To improve Carol's character arc, consider adding external conflicts such as financial struggles or a work-related crisis that she must overcome. This would create more urgency and tension in the story while still allowing Carol's internal struggles to be explored. Additionally, further developing her relationship with Spencer and her romantic interests could add depth to her character.
Theme Theme Details Themee Explanation
Mental IllnessMelvin’s behavior is influenced by his obsessive-compulsive disorder (OCD) and anxiety. He has a difficult time communicating with others due to his condition, which causes conflict and tension among characters.The theme of mental illness is a prominent one throughout the film. The screenplay highlights how mental illness can affect an individual’s life, relationships, and personality. Melvin’s condition is depicted as debilitating and challenging for himself and those around him. The theme serves to increase awareness of mental health issues and to encourage empathy for those who struggle with them.
RelationshipsThe screenplay explores different types of relationships, including friendship, romantic relationships, and parent-child relationships. The narrative delves into the complexity, fragility, and strength of these connections.Relationships are a significant theme in the screenplay. The development and evolution of relationships affect the characters' actions, decisions, and emotions. The screenplay highlights how individuals in a relationship negotiate their boundaries, goals, and expectations. Moreover, the theme explores how relationships can have a redemptive and healing quality.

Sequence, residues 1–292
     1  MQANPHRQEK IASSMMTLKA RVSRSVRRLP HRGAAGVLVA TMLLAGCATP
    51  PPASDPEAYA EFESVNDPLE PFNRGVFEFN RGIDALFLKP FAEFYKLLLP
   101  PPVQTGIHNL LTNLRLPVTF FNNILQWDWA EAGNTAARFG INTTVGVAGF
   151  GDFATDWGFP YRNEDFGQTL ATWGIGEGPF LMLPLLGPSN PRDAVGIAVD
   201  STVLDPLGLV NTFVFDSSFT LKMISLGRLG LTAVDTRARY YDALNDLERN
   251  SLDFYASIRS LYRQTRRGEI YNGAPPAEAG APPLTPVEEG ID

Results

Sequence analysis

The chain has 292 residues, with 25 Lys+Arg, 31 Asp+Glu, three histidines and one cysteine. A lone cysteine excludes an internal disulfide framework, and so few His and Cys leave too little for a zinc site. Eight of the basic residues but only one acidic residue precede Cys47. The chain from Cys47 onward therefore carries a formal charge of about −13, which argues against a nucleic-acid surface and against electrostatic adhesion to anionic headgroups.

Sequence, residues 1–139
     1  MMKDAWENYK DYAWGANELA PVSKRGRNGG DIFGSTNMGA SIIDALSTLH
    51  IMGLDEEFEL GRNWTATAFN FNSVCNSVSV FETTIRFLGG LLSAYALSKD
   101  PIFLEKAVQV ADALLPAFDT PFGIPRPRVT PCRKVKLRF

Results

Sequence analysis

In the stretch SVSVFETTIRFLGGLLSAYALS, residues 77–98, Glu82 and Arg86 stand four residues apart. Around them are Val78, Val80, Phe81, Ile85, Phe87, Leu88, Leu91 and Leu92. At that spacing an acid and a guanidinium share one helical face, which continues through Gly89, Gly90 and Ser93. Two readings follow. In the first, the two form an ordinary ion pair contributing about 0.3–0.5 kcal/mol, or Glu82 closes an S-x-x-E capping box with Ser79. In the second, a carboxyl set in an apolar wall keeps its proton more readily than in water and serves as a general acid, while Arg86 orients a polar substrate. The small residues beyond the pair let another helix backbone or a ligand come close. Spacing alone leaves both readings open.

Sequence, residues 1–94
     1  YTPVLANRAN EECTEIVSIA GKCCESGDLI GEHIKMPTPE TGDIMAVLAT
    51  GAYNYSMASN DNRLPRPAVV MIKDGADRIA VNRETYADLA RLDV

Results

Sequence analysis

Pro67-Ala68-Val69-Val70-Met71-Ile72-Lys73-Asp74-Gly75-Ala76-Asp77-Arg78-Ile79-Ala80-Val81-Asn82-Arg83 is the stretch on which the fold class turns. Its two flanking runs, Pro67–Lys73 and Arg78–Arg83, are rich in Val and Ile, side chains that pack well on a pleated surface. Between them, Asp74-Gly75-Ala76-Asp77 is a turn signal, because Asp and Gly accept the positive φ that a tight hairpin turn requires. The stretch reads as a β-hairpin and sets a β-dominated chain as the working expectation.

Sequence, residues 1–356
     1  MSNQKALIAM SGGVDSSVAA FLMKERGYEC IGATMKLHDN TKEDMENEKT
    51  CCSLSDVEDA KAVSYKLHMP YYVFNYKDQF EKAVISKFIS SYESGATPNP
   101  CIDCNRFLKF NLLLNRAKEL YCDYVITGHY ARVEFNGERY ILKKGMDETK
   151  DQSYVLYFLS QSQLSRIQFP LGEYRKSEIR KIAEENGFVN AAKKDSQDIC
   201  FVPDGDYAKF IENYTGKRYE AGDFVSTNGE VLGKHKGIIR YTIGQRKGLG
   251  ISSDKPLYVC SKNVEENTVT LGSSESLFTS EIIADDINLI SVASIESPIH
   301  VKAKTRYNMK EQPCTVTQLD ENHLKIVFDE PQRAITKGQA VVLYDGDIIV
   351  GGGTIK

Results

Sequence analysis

RedemptionMelvin's transformation from a rude and selfish individual to a caring and empathetic one highlights the theme of redemption. Simon's forgiveness towards Melvin, despite their rocky relationship, also demonstrates redemption.The theme of redemption is a profound one in the screenplay. It shows how people can change and grow when presented with challenges and opportunities. The theme emphasizes how individuals' self-reflection and actions can positively impact themselves and the people around them.